While exploring the Goblin Camp during Act 1 of Baldur’s Gate 3, most players will stumble across Halson. He’s a recruitable Druid with the power to transform into an animal, but he’s trapped as a bear in a ramshackle prison. Now, players are confused about why Halsin hasn’t escaped long before they meet him.
While there should be an easy solution to Halsin’s depraved situation, the game’s mechanics and his actions make it difficult to understand what’s going on. The only reasonable solution seems to be that Halsin likes being battered with rocks by Goblin children as he slowly rots behind bars.
Players Don’t Understand Why Halsin Doesn’t Escape From His Prison Cell in the Goblin Camp
A recent post on the Baldur’s Gate 3 Subreddit has questioned why Halsin, a recruitable Druid, hasn’t used Wild Shape to transform into a small creature and escape the Goblin Camp by the time players arrive there. Most believe the Goblins can’t watch him during every waking moment, so there must have been a few seconds where he could have slipped out. Yet instead, players find him locked up while Goblin children throw stones at him.
The comments on this post cover every possible angle of the argument. It’s already been established that at some point, likely a change of guard, Halsin could have transformed and escaped. Some fans believe it could be an in-game logic problem, “He’s already used his two wild shapes, and the goblins won’t let him get even a short rest.” This suggests that Halsin is sleep-deprived and physically cannot transform.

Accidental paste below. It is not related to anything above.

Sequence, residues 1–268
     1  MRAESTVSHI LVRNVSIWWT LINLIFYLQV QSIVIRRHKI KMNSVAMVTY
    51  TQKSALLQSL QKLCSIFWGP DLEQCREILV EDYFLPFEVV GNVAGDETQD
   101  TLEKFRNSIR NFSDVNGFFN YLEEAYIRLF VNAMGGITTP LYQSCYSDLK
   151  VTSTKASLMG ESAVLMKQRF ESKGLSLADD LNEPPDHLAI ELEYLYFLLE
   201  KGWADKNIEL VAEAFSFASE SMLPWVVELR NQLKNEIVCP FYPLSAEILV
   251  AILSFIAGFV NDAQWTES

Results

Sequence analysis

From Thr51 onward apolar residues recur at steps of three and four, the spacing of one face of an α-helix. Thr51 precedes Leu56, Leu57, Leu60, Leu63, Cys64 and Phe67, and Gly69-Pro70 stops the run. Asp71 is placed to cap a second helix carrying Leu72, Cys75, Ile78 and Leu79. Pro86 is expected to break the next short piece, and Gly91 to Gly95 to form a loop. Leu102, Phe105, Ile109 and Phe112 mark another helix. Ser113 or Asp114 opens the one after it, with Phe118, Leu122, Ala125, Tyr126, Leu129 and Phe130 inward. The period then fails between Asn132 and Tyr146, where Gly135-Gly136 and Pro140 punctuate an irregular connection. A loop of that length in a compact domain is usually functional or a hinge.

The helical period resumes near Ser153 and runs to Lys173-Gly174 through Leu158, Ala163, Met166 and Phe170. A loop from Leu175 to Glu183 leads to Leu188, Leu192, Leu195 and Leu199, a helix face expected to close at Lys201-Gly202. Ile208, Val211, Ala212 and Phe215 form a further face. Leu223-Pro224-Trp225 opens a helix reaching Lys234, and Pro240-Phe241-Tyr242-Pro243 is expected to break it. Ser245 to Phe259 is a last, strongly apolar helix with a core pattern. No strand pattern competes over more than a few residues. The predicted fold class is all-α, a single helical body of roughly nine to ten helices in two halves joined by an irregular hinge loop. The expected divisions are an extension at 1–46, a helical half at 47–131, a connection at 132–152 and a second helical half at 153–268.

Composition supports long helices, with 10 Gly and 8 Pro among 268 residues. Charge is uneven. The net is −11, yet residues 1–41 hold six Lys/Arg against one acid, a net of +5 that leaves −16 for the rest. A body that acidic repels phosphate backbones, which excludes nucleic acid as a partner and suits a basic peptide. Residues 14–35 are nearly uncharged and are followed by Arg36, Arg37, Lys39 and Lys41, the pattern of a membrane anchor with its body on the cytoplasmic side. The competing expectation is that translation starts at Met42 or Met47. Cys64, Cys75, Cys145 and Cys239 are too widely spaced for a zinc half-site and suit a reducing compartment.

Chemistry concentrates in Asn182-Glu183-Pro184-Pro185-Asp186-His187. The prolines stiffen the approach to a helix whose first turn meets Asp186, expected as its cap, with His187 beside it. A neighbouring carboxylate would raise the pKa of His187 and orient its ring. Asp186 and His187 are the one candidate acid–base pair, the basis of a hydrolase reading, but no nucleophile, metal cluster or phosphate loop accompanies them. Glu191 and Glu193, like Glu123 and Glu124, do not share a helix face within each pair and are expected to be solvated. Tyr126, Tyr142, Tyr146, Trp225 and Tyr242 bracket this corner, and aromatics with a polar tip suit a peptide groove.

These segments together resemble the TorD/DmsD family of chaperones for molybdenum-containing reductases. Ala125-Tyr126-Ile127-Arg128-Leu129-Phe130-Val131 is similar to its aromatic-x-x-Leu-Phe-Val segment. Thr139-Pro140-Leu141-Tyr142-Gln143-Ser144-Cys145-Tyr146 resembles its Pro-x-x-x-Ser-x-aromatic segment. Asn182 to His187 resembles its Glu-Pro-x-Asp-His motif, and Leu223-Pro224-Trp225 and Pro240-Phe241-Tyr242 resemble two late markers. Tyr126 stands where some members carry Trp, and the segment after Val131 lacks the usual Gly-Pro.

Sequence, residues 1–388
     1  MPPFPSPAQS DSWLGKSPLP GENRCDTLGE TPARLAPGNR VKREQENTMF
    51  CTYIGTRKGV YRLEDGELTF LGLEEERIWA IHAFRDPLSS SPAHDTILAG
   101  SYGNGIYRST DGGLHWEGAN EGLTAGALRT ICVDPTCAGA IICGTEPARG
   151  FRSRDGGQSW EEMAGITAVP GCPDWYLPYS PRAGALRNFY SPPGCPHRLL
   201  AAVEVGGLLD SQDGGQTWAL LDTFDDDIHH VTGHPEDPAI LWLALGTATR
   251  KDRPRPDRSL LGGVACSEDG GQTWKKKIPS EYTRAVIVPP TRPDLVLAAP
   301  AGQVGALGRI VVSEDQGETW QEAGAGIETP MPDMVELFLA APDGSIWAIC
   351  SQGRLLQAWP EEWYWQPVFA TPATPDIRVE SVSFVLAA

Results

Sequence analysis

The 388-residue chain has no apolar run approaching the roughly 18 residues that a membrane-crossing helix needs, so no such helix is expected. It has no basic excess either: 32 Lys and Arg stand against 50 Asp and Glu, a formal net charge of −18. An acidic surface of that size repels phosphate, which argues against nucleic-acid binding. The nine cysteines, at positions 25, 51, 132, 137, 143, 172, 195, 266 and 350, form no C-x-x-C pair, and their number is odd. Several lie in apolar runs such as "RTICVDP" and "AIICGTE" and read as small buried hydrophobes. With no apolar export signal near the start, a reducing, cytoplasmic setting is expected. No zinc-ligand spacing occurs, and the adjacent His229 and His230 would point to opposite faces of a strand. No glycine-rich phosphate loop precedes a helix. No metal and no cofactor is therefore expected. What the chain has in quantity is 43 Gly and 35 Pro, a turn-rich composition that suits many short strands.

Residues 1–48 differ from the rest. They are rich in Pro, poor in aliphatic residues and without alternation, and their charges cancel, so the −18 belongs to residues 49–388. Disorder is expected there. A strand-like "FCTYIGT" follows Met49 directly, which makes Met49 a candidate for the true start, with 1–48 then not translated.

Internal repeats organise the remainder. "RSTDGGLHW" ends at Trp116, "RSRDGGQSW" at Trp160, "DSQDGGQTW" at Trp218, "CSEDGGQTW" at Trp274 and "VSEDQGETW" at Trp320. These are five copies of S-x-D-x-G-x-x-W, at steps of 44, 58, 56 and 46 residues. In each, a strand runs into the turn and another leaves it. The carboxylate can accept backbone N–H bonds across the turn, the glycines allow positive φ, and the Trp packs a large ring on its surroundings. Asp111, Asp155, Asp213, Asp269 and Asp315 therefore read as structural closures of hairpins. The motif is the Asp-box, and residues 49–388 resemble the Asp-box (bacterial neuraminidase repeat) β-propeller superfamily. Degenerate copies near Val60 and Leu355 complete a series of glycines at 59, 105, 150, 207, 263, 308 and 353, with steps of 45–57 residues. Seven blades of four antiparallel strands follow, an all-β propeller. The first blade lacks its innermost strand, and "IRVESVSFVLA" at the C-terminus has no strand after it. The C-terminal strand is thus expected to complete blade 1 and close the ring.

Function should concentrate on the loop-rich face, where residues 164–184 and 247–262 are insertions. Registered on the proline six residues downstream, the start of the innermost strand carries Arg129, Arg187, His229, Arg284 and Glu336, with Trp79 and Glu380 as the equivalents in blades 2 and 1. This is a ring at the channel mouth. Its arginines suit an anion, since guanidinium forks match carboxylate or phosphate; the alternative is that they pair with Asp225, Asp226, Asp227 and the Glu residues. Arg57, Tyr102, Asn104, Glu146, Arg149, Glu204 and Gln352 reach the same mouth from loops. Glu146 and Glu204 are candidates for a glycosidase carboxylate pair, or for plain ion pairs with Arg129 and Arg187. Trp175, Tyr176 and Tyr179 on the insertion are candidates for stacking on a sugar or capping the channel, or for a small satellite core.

However, as others point out, and we have experienced ourselves when murdering poor Halsin, he transforms multiple times during the ensuing battle when he escapes the cage. “When I fought him, he wild shaped 3 different times.” This shows Halsin could easily transform given the opportunity, so he’s choosing not to.
One counterpoint is that Halsin has a few different abilities and spells that allow him to transform. “He has bear wild shape as an additional cast separate from normal wild shape.” One of these abilities turns him into a bear, which he may use during the fight with players if they choose to kill him. It’s a stretch, but it could explain why he’s still a bear in the Giblin Camp.
Ultimately, most players accept Halsin’s situation as a plot device. “Because plot demanded him to stay.” The story is clearly crafted to allow players to meet him so they can choose to kill or free and recruit him. It’s a moment that many are annoyed by because it highlights limits in what is otherwise a very open and free world and story in Baldur’s Gate 3.